“My role was to understand the challenges and obstacles related to efficiently reaching mothers,” says Annibal. “I was the link between the community, the mobile response team and their clinical partners . . . to make sure vaccination clinics were accessible and equitable for mothers.
“Women are so vulnerable in pregnancy and the COVID-19 pandemic was adding extra anxiety,” she says. “It was important for us to be mindful of how they processed information, to meet them where they were in the journey and to provide the right outreach and engagement.”
One of the ways Annibal’s team did this was by holding community baby showers. At these events, they gave away supplies for new babies, educated mothers about the vaccine and offered vaccinations.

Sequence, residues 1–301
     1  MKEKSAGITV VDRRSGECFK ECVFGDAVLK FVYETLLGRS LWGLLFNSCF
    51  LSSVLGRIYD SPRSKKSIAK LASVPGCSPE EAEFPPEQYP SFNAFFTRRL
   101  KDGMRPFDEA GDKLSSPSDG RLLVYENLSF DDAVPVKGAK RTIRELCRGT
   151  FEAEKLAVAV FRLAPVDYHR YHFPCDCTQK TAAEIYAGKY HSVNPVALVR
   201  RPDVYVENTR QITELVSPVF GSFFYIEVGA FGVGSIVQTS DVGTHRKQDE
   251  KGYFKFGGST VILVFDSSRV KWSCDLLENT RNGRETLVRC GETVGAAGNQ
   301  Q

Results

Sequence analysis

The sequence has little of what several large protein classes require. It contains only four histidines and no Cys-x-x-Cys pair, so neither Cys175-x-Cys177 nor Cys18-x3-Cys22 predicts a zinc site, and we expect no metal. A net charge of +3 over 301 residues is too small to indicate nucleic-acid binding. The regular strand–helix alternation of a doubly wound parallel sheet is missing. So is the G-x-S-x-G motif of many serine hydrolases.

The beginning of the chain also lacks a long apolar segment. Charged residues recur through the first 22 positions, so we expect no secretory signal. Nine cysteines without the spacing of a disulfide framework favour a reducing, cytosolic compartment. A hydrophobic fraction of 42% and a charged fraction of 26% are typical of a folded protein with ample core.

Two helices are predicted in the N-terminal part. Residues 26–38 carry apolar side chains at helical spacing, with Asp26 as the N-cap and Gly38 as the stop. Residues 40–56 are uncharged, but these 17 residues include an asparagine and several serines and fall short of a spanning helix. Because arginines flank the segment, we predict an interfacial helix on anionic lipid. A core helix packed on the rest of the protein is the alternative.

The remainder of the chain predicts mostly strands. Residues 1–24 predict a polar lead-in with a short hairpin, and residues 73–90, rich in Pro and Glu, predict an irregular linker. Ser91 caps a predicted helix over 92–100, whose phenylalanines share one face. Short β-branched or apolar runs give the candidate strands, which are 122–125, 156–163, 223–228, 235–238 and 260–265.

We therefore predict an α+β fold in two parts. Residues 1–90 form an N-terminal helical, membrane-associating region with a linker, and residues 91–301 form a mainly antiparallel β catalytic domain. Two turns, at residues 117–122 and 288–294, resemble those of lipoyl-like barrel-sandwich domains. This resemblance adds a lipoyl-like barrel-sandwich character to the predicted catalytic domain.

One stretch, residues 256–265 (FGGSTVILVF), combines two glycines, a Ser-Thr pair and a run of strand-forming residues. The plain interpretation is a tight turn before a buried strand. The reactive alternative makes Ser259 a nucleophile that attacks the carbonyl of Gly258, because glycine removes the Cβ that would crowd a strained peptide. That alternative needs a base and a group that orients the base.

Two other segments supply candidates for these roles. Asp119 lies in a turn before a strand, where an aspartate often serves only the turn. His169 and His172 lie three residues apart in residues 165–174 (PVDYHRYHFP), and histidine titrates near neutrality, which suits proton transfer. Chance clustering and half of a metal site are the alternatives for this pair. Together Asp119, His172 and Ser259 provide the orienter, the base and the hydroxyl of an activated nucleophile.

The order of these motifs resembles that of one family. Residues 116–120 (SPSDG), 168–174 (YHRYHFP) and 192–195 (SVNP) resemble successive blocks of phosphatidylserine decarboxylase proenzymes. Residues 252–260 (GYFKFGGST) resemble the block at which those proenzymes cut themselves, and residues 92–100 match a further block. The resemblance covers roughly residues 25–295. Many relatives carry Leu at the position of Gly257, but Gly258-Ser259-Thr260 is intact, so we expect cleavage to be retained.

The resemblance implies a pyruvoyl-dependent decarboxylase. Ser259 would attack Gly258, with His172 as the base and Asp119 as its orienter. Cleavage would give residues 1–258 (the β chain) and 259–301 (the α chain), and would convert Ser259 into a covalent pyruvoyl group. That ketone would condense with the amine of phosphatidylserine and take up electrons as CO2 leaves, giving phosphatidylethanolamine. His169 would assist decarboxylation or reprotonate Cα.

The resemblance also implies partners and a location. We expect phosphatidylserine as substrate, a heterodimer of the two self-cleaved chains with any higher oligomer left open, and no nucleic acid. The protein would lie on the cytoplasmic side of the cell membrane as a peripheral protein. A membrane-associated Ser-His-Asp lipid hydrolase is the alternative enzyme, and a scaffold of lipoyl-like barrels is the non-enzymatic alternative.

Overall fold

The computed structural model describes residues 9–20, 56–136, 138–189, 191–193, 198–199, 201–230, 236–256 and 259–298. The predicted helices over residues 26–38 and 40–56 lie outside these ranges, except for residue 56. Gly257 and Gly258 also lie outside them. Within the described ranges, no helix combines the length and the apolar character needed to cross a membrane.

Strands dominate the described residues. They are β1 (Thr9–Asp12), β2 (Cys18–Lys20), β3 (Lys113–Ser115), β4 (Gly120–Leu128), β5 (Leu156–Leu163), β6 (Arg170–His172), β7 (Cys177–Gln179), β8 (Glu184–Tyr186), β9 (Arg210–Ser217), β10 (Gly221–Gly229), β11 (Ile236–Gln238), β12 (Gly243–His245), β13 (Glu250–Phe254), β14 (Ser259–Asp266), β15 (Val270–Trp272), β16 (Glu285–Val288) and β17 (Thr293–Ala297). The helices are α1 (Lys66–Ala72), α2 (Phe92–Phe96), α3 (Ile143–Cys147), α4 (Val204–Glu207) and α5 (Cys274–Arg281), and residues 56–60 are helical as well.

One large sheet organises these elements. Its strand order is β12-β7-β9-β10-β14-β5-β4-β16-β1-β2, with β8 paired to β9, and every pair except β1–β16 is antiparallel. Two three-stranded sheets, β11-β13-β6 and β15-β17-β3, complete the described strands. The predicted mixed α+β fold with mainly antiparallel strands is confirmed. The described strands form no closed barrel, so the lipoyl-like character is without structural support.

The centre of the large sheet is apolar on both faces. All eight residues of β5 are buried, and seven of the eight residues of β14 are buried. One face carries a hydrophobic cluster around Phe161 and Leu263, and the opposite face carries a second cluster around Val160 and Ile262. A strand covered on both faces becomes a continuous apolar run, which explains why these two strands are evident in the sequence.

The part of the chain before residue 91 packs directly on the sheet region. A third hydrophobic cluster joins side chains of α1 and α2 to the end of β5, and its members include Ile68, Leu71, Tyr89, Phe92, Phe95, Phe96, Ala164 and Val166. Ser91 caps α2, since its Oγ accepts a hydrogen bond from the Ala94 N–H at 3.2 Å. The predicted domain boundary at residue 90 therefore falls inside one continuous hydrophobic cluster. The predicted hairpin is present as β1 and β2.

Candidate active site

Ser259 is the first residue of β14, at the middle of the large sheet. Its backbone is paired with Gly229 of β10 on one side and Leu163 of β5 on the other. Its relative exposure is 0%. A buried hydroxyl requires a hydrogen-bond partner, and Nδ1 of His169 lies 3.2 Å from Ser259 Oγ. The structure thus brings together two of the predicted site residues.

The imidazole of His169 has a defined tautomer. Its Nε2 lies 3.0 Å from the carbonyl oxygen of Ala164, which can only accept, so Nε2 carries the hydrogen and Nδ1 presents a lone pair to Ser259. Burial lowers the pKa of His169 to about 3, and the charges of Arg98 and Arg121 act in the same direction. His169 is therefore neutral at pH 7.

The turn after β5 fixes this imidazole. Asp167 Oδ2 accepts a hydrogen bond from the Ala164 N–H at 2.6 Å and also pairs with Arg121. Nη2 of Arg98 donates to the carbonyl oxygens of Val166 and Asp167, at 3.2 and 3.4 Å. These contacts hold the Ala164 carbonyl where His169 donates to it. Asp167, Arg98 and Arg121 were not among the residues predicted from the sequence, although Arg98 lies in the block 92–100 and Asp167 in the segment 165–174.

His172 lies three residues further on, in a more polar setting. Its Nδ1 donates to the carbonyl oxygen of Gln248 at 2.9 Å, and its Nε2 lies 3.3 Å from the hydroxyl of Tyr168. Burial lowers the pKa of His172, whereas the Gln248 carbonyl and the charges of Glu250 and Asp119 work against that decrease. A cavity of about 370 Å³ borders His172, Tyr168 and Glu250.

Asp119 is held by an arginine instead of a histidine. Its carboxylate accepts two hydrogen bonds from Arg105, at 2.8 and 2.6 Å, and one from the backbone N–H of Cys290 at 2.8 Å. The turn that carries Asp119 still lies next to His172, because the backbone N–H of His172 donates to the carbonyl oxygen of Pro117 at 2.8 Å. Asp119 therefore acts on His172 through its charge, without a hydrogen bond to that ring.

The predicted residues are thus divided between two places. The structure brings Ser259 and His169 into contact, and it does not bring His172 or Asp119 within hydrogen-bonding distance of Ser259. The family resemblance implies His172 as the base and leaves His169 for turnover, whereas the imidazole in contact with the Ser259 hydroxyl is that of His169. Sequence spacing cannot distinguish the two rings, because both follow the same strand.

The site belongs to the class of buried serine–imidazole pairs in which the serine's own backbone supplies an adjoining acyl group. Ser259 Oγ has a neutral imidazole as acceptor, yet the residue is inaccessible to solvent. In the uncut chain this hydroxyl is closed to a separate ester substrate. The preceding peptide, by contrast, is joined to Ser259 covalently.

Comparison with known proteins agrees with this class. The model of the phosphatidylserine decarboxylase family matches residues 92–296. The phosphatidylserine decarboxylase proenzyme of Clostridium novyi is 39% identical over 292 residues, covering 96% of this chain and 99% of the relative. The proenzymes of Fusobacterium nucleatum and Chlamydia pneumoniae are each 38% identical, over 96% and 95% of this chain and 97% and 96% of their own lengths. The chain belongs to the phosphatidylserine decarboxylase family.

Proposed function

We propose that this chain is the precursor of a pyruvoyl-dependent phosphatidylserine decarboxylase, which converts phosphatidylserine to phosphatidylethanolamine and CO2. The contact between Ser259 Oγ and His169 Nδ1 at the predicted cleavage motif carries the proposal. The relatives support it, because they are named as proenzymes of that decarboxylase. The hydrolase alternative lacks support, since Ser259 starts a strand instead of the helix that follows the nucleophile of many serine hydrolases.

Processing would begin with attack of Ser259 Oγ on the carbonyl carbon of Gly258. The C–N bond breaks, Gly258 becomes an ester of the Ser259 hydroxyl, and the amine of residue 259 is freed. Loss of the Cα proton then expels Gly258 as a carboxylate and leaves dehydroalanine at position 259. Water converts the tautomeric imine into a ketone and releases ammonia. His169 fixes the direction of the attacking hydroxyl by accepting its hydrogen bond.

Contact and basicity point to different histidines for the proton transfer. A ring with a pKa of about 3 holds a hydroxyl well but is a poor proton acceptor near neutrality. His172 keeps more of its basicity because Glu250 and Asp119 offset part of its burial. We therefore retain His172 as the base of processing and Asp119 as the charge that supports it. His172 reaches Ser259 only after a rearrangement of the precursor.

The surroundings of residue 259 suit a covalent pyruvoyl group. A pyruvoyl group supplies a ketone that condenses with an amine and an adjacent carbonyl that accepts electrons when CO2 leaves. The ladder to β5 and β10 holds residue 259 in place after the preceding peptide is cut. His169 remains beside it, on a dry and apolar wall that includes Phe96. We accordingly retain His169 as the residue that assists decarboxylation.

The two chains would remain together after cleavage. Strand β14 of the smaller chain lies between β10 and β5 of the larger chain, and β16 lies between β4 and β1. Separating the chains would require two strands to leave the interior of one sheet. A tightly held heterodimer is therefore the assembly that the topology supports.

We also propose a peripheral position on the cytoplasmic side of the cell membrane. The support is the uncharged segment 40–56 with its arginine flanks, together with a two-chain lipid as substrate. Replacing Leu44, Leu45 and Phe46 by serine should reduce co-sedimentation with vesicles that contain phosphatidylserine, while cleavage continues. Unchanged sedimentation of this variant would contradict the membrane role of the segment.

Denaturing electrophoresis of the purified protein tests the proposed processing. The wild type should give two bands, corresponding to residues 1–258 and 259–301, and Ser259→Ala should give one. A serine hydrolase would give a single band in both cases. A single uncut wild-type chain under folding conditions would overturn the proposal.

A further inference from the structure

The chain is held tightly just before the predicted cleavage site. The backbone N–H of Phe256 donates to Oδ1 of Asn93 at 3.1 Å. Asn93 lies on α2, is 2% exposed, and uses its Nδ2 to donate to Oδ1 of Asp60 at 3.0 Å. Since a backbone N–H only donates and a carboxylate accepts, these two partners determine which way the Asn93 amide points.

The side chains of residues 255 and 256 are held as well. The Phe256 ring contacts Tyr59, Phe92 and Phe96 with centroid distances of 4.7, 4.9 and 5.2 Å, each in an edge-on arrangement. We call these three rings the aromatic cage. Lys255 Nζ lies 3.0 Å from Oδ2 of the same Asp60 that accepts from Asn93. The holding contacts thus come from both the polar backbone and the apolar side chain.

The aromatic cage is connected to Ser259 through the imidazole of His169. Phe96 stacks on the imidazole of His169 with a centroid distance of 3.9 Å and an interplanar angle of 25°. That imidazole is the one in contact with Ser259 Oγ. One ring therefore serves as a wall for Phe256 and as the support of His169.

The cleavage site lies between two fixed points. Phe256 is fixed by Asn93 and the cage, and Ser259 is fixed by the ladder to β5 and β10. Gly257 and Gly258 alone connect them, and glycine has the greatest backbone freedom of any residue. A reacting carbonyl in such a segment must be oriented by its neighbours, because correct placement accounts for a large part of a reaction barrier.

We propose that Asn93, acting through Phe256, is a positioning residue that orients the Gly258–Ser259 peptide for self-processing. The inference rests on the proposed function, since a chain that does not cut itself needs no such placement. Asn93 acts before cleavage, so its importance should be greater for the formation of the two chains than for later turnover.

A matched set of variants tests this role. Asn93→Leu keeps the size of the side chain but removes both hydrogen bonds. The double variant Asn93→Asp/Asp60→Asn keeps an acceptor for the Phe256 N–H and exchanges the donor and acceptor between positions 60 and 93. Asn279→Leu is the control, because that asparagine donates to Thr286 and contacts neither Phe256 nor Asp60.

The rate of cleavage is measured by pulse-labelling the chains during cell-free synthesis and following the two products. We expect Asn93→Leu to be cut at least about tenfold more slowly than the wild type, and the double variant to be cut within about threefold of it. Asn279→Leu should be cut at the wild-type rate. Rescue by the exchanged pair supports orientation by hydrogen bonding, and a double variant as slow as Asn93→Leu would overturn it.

The VALUE in community engagement
The VALUE Community coordinators worked to build true engagement between communities and the health department—and trust in the health system. “There’s absolutely no way to touch a population and make sure you’re connecting with them without them being absolutely, 100 percent part of the process from the get-go,” says Benjamin Cramer, who coordinated consultations with people living with disabilities. These types of consultations, held with each of the nine VALUE communities, ensured everyone had equitable access to vaccines.
The COVAX team has brought the Baltimore City community together by empowering people to advocate for themselves and their community during a time that has been uncertain and even a bit frightening.”COVAX Program Coordinator Joy Davis
“We have taken a community-oriented approach to providing people with verified information and encouraging them to engage with our team and other systems and to ask questions,” says Joy Davis, the program coordinator for the older adults VALUE Community.